Tongue-In-Cheek Poetry Awards You DON’T Want To Win! | Writer’s Relief

by | Aug 15, 2018 | Humor For Writers | 0 comments

Review Board Is Now Open! SPECIAL CALL Poetry and Short Prose!

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Deadline: Thursday, September 16th

August 18 is Bad Poetry Day! It’s a day for poets to laugh, relax, and toss aside the stress of trying to create the perfect poem—by creating some not-so-perfect poetry.

And what better way to celebrate the silliness of Bad Poetry Day than with a few tongue-in-cheek poetry awards created by the bards here at Writer’s Relief?

“Faux Poe” Awards To Celebrate Bad Poetry Day

🏆 Award For Longest Run-On Sentence

Jonathan Coe is currently monopolizing this award (as well as several pages) for a sentence nearing fourteen thousand words. Other runners-up include Virginia Woolf, John Steinbeck, and F. Scott Fitzgerald!

🏆 Award For Most Clichéd Opening Line

Okay, we know these awards are celebrating Bad Poetry Day, but we couldn’t resist! While this may be the most clichéd opening line of a story, each year the Bulwer-Lytton Fiction Contest challenges writers to create the worst opening line to a novel. Here’s one of our favorites:

In the predawn mist nothing was quite so satisfying as dawdling across someone else’s morning paper, so thought Sally B. Slug on her early morning glide.—Paul Sutcliffe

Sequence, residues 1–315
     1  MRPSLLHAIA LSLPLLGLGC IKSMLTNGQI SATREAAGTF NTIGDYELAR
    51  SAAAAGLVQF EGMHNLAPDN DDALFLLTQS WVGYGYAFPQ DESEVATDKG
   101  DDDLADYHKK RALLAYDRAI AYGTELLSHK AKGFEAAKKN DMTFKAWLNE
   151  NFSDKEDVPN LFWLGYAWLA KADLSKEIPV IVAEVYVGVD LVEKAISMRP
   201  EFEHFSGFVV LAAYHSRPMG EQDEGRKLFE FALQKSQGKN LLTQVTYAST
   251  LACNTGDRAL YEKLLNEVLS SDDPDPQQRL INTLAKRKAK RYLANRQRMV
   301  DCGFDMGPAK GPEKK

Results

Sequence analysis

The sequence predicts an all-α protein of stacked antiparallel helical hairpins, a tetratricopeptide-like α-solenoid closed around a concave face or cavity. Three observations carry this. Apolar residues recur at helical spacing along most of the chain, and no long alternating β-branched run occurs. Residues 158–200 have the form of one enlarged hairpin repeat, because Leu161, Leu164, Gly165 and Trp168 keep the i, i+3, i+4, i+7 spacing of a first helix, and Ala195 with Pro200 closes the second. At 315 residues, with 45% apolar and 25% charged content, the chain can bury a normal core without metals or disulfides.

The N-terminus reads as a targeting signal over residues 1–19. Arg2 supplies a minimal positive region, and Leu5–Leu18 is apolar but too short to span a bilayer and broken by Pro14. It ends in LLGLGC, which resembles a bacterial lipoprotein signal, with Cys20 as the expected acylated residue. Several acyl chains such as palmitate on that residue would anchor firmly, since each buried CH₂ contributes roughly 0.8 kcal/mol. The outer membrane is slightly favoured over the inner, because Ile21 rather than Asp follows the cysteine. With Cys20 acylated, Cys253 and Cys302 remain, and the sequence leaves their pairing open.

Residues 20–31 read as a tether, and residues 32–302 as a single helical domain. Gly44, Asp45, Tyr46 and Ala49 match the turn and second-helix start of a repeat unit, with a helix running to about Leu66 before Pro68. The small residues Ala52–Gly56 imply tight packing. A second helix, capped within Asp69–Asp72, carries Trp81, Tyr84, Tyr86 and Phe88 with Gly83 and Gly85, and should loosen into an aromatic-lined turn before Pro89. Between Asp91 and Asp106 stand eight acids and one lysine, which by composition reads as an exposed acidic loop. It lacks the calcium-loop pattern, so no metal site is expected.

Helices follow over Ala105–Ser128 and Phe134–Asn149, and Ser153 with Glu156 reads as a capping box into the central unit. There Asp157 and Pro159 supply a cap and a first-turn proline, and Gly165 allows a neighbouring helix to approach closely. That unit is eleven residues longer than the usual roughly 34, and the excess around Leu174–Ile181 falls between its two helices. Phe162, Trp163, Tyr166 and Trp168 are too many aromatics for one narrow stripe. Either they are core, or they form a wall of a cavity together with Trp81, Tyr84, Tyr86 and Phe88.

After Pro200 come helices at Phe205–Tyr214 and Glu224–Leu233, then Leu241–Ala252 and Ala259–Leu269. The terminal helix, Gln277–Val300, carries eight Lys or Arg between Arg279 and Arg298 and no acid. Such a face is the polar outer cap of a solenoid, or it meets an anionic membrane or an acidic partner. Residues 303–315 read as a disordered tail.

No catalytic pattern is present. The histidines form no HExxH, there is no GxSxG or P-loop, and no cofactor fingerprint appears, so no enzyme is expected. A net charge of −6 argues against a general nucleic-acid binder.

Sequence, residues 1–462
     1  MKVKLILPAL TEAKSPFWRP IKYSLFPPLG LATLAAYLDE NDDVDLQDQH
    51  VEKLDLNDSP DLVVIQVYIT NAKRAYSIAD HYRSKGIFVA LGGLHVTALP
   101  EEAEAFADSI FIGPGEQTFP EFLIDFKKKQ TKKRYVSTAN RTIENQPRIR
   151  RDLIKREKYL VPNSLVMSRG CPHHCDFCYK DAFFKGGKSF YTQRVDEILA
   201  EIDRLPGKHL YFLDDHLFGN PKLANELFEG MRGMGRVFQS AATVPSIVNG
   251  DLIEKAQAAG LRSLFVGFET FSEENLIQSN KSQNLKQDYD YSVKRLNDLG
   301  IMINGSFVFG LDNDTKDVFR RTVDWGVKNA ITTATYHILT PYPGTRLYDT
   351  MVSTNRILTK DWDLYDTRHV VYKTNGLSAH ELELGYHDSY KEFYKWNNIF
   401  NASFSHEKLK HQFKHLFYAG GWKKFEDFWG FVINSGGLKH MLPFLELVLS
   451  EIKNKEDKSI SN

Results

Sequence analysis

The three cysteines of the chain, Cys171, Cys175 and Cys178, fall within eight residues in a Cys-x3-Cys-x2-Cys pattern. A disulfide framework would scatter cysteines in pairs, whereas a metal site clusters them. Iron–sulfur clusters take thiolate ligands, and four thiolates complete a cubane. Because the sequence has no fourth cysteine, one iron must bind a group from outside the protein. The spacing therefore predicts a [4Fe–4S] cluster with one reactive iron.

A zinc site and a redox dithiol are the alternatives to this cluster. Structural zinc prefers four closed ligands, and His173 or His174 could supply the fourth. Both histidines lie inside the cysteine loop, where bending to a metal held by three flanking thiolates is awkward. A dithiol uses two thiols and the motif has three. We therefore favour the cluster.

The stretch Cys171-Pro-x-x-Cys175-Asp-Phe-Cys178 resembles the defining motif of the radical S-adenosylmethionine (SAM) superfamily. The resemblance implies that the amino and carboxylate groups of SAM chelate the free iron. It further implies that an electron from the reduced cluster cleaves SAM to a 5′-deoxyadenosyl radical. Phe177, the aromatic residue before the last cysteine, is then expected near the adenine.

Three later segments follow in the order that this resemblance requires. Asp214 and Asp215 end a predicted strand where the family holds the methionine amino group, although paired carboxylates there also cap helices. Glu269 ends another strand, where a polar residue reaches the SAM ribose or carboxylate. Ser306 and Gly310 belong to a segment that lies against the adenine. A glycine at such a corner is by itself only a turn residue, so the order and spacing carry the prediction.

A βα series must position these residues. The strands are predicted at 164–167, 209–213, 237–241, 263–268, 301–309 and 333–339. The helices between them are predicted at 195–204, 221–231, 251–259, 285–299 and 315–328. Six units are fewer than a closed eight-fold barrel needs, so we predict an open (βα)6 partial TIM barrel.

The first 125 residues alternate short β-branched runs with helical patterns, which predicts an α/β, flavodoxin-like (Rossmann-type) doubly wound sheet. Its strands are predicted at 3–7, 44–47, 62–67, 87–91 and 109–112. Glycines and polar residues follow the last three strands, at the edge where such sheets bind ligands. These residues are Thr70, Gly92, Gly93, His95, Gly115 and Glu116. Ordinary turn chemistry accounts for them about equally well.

🏆 Award For Weakest Simile

Coming up with similes (or metaphors) can make you as nutty as a fruitcake. You may end up writing a real clunker: “Her eyes were like two brown circles with big black dots in the center.” Or “Her vocabulary was as bad as, like, whatever.” Check out a full list of “award”-worthy, cringe-worthy similes here!

🏆 Award For Worst Rhyme Crime

Whether it’s a rhyme that’s so overused you know Shakespeare is rolling over in his grave…or two words that come sooo close to rhyming—but don’t (“dawn” and “song”)…or a determined attempt at rhyming an unrhymable word (face it, nothing rhymes with “orange”)…a bad rhyme can leave you discombobulated and frustrated.

🏆 Award For Not Knowing When To Say When

At 1.8 million words, the Mahābhārata is the longest epic poem, giving the Iliad, the Odyssey, and Beowulf a (very long) run for their money. And today’s literary journal editors almost always favor shorter poetic works. In poetry, sometimes less really is more!

 

QUESTION: What other silly poetry awards can you add to this list?

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